Trying to close the deal too soon? Booking gigs is really like selling.
That could be why so many hate to do it. Selling conjures nightmare images, scare tactics and used car lots with cigar smoking, suspender wearing salesmen. Scaaaarrry!!!! Boo!
And that’s why I teach the strategies I do, so you can take the scary out of the process and use the process to close more deals and get more great gigs. One thing you may be doing to thwart your efforts is to rush the process and try to get too close the deal way too soon.
How often have you thought, “I’m going to book some dates today” or “I’m going to book the fall or spring tour this week?” Well, it just won’t happen very often. Now I have booked an entire tour in an hour, but, that was under exceptional circumstances. That takes a major headliner to be the object of the tour, and then it might be possible.
But back to the process…
I just started reading a great book, Solution Selling by Michael T. Bosworth. And yes, he is talking mostly about corporate sales, but, that’s where I come in to transpose the information into booking speak. You know how I always talk about making “Friendly Calls” and “Referral Calls?” That is because I want you to start with the essence of an already established relationship that you can nurture and build upon without having to make that very cold call. I also have talked about understanding your prospect’s problems or situation and asking more questions about their concerns so you can be the problem solver and offer your act as part of the solution. This is all process, and the process takes some time to move through all the steps.
When you make booking calls with the expectation of actually closing the deal or booking the gig on that first call, you are most likely setting yourself up for disappointment. I’d like you to think instead of this relationship building process, giving yourself time to discover more about the person, the venue and their programming problems first. Then become the solution. You will eventually develop great long-term relationships as well as book more great gigs and close many more deals in their own good time.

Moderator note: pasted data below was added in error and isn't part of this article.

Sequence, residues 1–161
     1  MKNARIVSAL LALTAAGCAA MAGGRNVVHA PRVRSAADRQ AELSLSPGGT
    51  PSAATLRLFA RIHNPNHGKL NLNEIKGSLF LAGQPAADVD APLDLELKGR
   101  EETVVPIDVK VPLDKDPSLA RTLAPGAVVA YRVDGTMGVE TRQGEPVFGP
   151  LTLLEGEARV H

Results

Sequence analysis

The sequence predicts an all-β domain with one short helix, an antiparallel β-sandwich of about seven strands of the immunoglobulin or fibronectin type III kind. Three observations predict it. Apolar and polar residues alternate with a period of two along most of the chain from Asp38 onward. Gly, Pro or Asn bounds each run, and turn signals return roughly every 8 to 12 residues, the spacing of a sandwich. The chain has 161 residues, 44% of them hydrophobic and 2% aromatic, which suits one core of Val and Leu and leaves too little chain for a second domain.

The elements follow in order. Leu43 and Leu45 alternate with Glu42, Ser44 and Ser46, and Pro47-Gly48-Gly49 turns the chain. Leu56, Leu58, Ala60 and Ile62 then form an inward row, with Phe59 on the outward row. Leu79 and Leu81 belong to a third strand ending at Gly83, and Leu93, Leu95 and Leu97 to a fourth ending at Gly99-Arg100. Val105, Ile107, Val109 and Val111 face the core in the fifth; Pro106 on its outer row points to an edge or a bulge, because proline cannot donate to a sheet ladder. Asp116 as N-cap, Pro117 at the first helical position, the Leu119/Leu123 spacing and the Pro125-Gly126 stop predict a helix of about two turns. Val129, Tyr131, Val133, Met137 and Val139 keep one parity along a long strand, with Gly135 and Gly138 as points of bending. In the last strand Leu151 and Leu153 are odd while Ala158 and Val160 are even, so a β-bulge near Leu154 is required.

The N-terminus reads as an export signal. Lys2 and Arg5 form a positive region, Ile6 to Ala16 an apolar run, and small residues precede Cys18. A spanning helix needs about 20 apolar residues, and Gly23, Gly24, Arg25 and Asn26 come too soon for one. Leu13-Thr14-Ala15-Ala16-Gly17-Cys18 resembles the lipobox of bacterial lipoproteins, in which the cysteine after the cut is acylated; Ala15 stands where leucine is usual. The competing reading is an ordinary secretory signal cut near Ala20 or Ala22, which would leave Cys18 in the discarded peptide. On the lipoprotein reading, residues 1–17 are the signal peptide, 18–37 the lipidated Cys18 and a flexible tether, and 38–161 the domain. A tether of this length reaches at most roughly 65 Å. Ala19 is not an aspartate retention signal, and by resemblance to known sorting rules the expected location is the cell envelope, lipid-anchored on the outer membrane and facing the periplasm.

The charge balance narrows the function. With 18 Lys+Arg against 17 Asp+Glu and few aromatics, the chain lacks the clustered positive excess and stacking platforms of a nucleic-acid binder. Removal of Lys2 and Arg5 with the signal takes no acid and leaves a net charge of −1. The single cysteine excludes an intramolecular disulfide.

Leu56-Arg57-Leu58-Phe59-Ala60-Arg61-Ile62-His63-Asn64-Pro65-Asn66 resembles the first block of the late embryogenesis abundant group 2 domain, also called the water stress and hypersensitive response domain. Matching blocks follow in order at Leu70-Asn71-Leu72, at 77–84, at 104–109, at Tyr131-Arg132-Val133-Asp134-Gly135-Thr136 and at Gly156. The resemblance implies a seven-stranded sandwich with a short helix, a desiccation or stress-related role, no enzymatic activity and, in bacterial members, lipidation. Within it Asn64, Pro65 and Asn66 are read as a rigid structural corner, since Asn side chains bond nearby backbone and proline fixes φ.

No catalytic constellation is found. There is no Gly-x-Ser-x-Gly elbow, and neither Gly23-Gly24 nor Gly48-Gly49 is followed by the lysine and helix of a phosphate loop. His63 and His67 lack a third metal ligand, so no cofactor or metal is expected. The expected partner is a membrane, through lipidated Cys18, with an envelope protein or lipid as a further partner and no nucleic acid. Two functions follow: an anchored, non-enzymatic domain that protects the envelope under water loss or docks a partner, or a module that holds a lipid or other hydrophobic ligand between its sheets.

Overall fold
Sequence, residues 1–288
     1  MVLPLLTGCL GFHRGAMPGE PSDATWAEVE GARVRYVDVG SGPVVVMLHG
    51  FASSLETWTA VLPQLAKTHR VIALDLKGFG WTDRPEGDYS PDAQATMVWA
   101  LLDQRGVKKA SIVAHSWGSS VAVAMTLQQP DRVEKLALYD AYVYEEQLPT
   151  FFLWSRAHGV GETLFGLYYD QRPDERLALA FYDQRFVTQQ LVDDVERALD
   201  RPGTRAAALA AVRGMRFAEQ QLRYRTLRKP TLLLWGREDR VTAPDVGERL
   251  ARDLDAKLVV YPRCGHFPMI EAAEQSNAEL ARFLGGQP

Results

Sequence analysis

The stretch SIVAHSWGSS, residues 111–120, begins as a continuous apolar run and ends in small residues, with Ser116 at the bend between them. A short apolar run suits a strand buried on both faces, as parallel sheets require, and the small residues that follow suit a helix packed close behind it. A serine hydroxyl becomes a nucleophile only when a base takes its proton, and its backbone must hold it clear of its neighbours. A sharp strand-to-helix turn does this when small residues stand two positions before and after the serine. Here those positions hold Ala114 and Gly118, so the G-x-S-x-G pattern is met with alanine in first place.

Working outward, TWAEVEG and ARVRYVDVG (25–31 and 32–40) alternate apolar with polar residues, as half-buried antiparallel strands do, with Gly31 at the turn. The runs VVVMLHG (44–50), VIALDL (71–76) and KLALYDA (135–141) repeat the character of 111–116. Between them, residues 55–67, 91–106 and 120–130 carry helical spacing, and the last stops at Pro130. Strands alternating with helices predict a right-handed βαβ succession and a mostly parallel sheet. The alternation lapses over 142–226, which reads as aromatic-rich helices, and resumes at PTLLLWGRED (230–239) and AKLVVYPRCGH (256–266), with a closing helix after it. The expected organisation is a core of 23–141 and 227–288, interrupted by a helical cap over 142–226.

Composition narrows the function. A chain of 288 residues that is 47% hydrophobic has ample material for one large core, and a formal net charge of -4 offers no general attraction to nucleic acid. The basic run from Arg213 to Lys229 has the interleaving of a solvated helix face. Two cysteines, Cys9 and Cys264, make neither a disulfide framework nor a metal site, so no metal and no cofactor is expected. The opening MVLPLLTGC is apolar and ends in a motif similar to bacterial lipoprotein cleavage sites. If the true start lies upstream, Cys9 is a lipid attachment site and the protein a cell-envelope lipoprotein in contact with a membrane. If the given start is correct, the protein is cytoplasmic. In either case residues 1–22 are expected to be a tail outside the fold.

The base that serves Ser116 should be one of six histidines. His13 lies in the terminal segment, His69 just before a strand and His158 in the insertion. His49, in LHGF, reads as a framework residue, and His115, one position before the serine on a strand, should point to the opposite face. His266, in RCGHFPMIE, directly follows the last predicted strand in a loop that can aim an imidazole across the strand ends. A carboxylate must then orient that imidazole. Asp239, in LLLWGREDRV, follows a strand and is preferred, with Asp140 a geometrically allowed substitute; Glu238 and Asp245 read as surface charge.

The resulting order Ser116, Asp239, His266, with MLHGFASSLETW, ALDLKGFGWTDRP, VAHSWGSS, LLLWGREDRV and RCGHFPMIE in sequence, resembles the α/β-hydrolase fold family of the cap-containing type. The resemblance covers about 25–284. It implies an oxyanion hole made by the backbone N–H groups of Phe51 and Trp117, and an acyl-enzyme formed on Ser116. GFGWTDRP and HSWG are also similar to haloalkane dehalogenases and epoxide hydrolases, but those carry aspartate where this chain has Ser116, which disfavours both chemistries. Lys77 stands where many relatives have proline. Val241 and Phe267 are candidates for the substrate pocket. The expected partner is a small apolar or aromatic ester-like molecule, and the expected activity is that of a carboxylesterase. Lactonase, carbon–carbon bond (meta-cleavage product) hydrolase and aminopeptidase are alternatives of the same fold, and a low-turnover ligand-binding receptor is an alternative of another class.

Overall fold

So this week, examine the top five calls you were going to make and think about questions you can ask to further your understanding of their concerns and programming problems. Plan to understand them more, nurture the already started relationship or begin your relationship with some insightful questions about them, their season, their venue and begin to learn about them before you inject your needs upon them. Take these top five calls and make the call realizing you are not about to close the deal this week, but rather, find out what kinds of concerns they have when trying to sell out their shows.
Let me know how you felt creating these insightful questions and approaching your booking prospects in this way. Did it make a difference in how your prospect interacted with you? Leave your comment below.